Quantcast

Health Warning As 74per Cent Eat Too Much Salt Reduction Would Save 7000 From Disease

July 28, 2008

By ALISON CAMPSIE

AROUND three-quarters of Britons are still eating too much salt despite average consumption dropping by almost one gram a day.

New research from the Food Standards Agency (FSA) shows that 74per cent of people are eating more than the healthy target of 6g a day, with those aged between 19 and 24 consuming the highest amount of salt at 10.33g a day.

However, the FSA reported some success yesterday after it emerged that daily salt consumption had, overall, dropped from 9.5g to 8.6g since 2001.

Campaign group Consensus Action on Salt on Health (Cash) yesterday welcomed the reduction, claiming that the British public had removed 19,700 tonnes of salts from its diet in the past seven years.

Cash chairman Graham MacGregor, professor of cardiovascular medicine at the University of London, claimed that a 1g daily reduction in salt intake would prevent around 7000 strokes and heart attacks a year due to lowered blood pressure.

He said: “This is the most important news that we have heard about health and eating for a long time.

“As salt intakes will continue to fall over the next few years, the effect of this salt reduction policy on strokes and heart attacks, the commonest cause of death in the UK, will become even larger.

“The reason that the average salt intake is falling is because many, but not all, food manufacturers and retailers, on an entirely voluntary basis, have reduced the amount of salt that they add to their foods.

“The aim must be to get salt intake as low as we can in order to save even more people from dying unnecessarily from strokes, heart attacks and heart failure.”

The FSA survey took urine samples from 700 UK residents, selected at random from 45 postcode areas, including some in Scotland, to snapshot the levels of salt consumed .

Results show that 82per cent of men and 65per cent of women consume too much salt.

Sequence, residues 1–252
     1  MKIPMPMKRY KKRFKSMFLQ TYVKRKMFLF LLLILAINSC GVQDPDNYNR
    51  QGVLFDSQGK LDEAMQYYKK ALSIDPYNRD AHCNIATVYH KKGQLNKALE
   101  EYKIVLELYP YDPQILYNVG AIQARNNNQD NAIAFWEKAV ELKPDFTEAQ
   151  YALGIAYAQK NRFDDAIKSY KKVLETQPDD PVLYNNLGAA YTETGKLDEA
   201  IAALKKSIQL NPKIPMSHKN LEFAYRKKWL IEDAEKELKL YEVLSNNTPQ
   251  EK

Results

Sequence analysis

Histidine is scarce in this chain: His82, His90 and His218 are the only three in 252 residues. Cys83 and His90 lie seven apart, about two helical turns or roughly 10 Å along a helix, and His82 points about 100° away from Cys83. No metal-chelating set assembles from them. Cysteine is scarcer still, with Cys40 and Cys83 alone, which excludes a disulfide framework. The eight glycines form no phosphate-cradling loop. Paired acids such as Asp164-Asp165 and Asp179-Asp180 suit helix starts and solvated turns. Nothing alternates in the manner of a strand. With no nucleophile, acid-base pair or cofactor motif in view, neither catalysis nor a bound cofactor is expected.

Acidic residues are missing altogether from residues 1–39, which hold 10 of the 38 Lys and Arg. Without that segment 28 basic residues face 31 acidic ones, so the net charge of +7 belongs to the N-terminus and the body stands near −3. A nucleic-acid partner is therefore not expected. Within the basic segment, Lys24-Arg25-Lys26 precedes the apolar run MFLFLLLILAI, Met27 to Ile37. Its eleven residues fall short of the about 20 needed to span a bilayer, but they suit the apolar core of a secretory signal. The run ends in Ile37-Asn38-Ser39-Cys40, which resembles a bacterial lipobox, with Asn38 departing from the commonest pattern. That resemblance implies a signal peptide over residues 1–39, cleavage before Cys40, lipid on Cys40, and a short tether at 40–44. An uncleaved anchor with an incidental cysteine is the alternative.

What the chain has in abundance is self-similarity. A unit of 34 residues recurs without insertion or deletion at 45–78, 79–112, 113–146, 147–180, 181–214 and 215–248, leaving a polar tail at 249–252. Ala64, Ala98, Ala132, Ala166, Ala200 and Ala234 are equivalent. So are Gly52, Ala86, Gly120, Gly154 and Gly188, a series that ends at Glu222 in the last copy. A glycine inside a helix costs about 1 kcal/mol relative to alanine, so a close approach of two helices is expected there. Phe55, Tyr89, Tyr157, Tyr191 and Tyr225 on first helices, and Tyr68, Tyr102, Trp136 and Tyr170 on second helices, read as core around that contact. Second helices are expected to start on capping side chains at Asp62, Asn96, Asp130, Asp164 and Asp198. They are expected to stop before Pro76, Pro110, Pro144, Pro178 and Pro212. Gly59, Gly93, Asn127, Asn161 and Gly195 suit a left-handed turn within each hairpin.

Following its concerted campaign to reduce the salt content of food on supermarket shelves, the FSA is now working with large- scale catering companies to lower the sodium content of food consumed outside the home, particularly in work canteens where around three million meals are eaten every day.

Two million of these meals are prepared by contract caterers and several of the biggest companies of this type have made commitments to the FSA to reduce salt, sugar and fat content in the foods .

One firm, Brakes, a major supplier of Britain’s GBP1bn hotel food industry, claims to have removed more than 100 tonnes of salt from its products since 2002.

Others, such as Sodhexo – which has contracts with school kitchens, meals-onwheels services and the Ministry of Defence – has pledged to use low-salt bread for sandwiches and remove salt from soup and other hot meals.

Alan Marr, managing director of Aulds, the Greenockbased baker and supplier of desserts to supermarkets, said : ” We have made very significant salt reductions in a number of products, notably our potato scone and tea breads. You have to always remember that one of the most basic factors of taste is salt. There is a compromise between flavour and what is good for you.”

Seasoned facts Food salt content per portion . Cornflakes (30g) with semi-skimmed milk – 0.52g . Blueberry muffin – 1.1g . Chicken salad sandwich (supermarket bought) – 1.6g . Egg and bacon sandwich (cafe bought) – 3.07g . Danish pastry – 0.6g Baked potato with tuna and sweetcorn mayo – 1.35g . Stir fry beef and black bean sauce (homemade) – 2.99g . Bolognaise sauce (homemade) – 1.53g . Parmesan cheese (5g serving) – 0.07g . Takeaway pizza 4.2g . Fruit yoghurt 0.2g

Originally published by Newsquest Media Group.

(c) 2008 Herald, The; Glasgow (UK). Provided by ProQuest Information and Learning. All rights Reserved.




comments powered by Disqus